With the loss of faith in reserve currencies, the advocacy for gold is bound to gather momentum. It would be a monumental blunder if authorities in various countries dismiss the role of gold in the international monetary system with off- hand

laconicism.

S. S. TARAPORE

When the question of the role of gold as an international reserve currency is mooted, there are extreme reactions. The advocates of gold are called ” gold bugs”. On a personal note I have been an advocate of restoring gold to its pristine glory for the past twenty years and have been labeled as some sort of an atavistic crank.

Gold is considered as a barbaric relic, as Keynes called it, which should be banished from any serious discussion on the reform of the international monetary system. The anti- gold cabal of central banks, for decades, used their hoards of gold to ruthlessly depress the market price of gold. What has been the result? For years the key central banks and the IMF struggled to throttle gold demand by undertaking sales of gold. But with unbridled increase in printed money in these countries they have been unsuccessful in dampening the price of gold.

Gold prices move inversely to the major international currencies. The persistent rise in the gold price in the last three years reflects the loss of confidence in all major reserve currencies.

The proportion of gold in total reserves is as follows: United States ( 75 %), Germany ( 72 %), Italy ( 71 %), France ( 66 %), Netherlands ( 59 %) and Switzerland ( 18 %). In contrast, the proportion of gold is very low for some countries: India ( 9 %), Russia ( 8 %), Japan ( 3 % and China ( 2 %).

Most of the countries with large gold reserves have picked up their gold at US $ 35 per ounce and are sitting comfortably on a huge pile of gold reserves.

The above ground stocks of gold of the world are estimated at 165,000 tonnes, while about 38,000 tonnes remain underground which would suffice for say the next 10 years ( annual requirement of 4,000 tonnes) The Indian official stocks of gold are only 558 tonnes while private hoards in India are estimated to be between 15,000- 20,000 tonnes or about 11 % of above ground global stocks.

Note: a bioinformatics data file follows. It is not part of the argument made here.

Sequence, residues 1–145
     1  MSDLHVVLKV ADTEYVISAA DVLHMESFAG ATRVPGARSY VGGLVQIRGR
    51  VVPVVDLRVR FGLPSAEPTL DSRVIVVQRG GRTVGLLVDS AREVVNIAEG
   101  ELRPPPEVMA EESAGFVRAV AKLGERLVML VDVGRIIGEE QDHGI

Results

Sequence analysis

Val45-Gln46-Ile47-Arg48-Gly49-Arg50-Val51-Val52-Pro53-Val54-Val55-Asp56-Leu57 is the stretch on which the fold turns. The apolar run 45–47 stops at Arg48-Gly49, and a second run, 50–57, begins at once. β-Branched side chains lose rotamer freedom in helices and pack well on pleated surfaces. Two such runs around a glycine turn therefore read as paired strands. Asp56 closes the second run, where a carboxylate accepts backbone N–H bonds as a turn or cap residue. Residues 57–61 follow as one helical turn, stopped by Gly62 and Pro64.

Bill Bonner, the financial columnist of the ” The Daily Reckoner” holds the view that gold price could rise above US $ 3,000 per ounce; in the current euphoria, observers think that the price could be as high as US $ 5,000 an ounce. It would be foolhardy to assume that the gold price would not fluctuate. A precipitous fall in the gold price would give buying opportunities.

Equally, if the present crisis deepens or there is a total catastrophe, of the international monetary system, Bill Bonner asserts that when all is lost gold will be the last man standing.

Gold as an International Reserve Asset It is time that the anti- gold lobby gives up its aversion to gold. Gold has a history of thousands of years as a medium of exchange and a store of value. In contrast, paper currency is just a few hundred years old. What is pertinent is that the track record of countries in handling fiat money has been extremely poor.

A number of States in the US are contemplating legislative reform to ensure that gold is made legal tender and Utah has already passed such a legislation.

The Royal Institute of International Affairs ( Chatham House, London) has set up a Task Force to Review the Role of Gold and Value of Gold in the International Monetary System with Nick Maxwell as the Programme Manager.

The Lehrman Institute has also undertaken detailed work on the role of gold in the international monetary system.

With the continuing loss of faith in reserve currencies the advocacy for gold is bound to gather momentum.

It would be a monumental blunder if the authorities in various countries dismiss the role of gold in the international monetary system with offhand laconicism. The path to restoration of gold in the international monetary system would not be easy. Advocates of go

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